The build classpath in Eclipse is what Eclipse uses to resolve class references when it runs its editor/compiler. It's often a good idea to make a source project self-contained, so you'd place copies of any additional jars you need in the project. Whether that's in a directory named "lib" or somewhere else doesn't matter to Eclipse, but the jar has to be in the build classpath for its resources to be visible to the editor/compiler.
Some jars aren't worth including in the project. For example, I don't include Tomcat's api library jars in a project - I'd be wasting space on my disk if every web project had its own copy, and they'd all go obsolete when I installed a new version of Tomcat. So I set up the project to refer to the Tomcat api jars as external jars. I do a lot of Maven projects these days, and Maven does much the same thing.
Being in the build classpath doesn't mean that the jars will automatically be included in the executable output. Although the Eclipse debugger inherits the build classpath, that only works inside Eclipse. If you want the libraries accessible when you're not running Eclipse, you have to construct an executable environment that includes those libraries. Eclipse itself won't do that, although some of the extensions will for specific kinds of projects.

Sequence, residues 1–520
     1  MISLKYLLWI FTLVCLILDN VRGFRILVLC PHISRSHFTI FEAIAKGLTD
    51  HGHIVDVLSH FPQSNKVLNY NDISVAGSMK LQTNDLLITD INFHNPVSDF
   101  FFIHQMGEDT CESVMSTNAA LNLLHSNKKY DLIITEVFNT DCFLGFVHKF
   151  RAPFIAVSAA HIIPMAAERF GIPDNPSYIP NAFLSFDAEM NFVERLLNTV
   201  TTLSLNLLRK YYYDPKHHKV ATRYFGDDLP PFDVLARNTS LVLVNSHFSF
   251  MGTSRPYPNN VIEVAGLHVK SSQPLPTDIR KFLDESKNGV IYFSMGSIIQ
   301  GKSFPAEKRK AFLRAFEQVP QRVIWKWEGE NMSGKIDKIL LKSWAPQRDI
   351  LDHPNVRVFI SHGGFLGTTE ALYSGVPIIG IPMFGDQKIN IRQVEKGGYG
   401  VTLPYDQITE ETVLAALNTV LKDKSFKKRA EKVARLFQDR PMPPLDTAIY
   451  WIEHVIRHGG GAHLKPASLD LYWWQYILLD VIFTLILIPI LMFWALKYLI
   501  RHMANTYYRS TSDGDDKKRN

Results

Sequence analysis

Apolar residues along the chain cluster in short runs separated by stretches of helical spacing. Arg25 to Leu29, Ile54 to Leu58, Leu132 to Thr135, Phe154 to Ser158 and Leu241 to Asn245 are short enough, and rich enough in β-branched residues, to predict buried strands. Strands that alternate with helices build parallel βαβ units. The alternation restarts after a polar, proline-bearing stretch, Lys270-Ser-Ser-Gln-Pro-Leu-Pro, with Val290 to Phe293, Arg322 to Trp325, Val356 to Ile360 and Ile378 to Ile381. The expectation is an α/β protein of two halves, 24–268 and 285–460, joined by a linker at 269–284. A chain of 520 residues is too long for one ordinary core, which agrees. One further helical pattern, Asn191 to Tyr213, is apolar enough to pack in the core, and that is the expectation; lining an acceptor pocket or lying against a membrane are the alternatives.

Overall, however, it is NOT a good idea to make Eclipse an integral part of your production build process.
I've been burned 2 different ways by projects that could only be built via an IDE - by being handed projects that would only built if my IDE setup EXACTLY matched the setup of whoever originally worked on the program and by installing a new version of the IDE that worked differently than the old one did. For production builds I recommend that you always be able to build without running an IDE at all. Ant and Maven are both good for this, and they'll work with Eclipse while you're doing the development.
Customer surveys are for companies who didn't pay proper attention to begin with.